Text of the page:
“[All] I want to eat is a rice ball.”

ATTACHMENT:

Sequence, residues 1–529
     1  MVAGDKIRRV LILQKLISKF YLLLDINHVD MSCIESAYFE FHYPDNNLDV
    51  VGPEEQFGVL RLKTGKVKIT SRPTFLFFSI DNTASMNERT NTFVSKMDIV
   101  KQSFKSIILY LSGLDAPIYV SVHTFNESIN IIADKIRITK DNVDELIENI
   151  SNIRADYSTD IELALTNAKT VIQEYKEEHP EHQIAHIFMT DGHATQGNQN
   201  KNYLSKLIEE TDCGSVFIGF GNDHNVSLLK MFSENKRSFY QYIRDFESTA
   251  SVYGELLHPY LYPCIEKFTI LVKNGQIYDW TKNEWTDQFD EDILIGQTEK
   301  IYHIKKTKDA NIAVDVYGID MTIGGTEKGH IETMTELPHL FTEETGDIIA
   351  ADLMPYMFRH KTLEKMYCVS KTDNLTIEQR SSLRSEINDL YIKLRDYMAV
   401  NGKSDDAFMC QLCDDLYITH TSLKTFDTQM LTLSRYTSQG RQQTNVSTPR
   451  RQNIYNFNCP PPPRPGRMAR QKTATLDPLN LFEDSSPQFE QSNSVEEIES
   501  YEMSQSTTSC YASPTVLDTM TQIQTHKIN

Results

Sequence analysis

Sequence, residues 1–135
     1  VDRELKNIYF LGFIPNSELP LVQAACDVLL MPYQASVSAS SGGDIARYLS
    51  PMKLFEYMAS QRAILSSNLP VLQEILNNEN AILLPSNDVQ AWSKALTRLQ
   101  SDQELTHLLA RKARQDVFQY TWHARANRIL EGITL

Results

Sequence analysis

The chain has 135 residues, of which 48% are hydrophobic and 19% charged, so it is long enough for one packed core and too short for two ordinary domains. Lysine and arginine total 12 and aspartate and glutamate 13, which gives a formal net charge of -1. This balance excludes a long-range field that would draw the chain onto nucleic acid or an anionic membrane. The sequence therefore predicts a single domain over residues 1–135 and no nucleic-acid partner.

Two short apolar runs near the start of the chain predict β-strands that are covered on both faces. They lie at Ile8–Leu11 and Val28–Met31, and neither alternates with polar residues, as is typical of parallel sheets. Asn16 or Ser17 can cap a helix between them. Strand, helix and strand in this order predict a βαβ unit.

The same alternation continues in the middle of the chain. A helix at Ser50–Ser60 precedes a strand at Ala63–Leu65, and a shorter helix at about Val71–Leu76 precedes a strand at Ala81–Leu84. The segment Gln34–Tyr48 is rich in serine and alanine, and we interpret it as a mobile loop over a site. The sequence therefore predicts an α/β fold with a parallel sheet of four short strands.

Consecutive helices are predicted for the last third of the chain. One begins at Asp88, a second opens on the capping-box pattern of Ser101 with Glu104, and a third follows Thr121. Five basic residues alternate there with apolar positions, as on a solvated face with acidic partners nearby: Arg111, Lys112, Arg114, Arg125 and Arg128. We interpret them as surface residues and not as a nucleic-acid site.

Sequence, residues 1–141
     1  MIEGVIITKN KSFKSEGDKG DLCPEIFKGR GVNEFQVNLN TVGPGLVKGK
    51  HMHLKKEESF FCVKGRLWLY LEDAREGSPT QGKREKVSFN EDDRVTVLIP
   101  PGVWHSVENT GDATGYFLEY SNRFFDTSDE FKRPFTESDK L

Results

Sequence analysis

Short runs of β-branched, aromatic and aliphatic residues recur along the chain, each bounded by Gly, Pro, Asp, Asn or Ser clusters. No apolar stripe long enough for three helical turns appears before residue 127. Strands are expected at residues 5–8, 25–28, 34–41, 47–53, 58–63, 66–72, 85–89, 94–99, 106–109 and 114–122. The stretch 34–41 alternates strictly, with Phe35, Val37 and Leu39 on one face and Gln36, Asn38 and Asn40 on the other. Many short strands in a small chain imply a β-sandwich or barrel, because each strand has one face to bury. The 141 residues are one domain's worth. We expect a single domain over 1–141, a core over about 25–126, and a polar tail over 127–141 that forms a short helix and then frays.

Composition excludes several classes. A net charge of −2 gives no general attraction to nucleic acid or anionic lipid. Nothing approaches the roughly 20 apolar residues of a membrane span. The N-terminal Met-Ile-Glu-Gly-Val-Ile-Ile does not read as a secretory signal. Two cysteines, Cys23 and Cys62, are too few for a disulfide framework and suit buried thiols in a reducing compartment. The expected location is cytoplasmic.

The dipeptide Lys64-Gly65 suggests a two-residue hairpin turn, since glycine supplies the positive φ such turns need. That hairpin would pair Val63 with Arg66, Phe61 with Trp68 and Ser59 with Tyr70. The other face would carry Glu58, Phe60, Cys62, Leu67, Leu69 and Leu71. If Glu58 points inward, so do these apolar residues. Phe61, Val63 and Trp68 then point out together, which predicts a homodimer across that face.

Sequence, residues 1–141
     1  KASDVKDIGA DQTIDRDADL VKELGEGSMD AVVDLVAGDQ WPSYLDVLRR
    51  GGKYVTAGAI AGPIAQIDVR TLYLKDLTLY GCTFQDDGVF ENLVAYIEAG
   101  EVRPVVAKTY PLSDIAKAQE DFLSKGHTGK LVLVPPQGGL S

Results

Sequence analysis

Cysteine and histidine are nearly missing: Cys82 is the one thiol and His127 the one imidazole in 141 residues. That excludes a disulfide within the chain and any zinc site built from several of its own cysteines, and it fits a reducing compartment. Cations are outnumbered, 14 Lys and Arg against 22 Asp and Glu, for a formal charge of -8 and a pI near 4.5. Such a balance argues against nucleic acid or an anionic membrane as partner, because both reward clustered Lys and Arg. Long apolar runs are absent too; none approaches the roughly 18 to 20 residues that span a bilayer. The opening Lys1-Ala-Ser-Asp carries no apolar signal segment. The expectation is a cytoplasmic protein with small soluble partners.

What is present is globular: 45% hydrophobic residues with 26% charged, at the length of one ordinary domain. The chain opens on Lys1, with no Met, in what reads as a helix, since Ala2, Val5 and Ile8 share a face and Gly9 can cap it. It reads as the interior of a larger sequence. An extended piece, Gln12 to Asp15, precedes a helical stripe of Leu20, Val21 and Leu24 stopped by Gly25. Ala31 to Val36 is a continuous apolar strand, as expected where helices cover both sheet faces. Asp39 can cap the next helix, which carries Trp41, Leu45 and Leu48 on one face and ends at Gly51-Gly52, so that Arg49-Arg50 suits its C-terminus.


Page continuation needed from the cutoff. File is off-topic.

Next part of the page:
This was the last entry in the diary of a 52-year-old man who starved to death in an apartment he had occupied for 20 years. His is just one of many voices of the precarity of everyday life and death that populate Anne Allison’s new ethnography of pain, struggle, and hope in modern Japan. Precarious Japan (Duke University Press, 2013) considers the transformations of the relationship between work and life in Japan that followed its social and economic fall after the financial bubble burst in 1991. The structural unit of the family and the meaning and spaces of “home” were consequently reconfigured. In her study of the spaces and voices of the resulting “precarity” of contemporary Japan, Allison introduces us to a broad range of people working to help themselves and others cope with the consequences of these social transformations, from hikikomori (youths who withdraw into solitary existences), to men and women staving off loneliness in collective meeting spaces like the “Nippon Active Life Club, ” to performers and activists working to help the young and old avoid poverty and suicide. A palpable materiality of this socially precarious existence emerges from Allison’s chapters, the pages of which are sprinkled with mothers’ bones and robot hearts, liquid and chocolate. In a particularly arresting opening and closing, she shares her experience volunteering after the 3.11 tragedy, suggesting a new sense of hope and belonging that has blossomed in the mud of the disaster. It is an important, thoughtful, and moving ethnography that deserves the attention of a wide audience.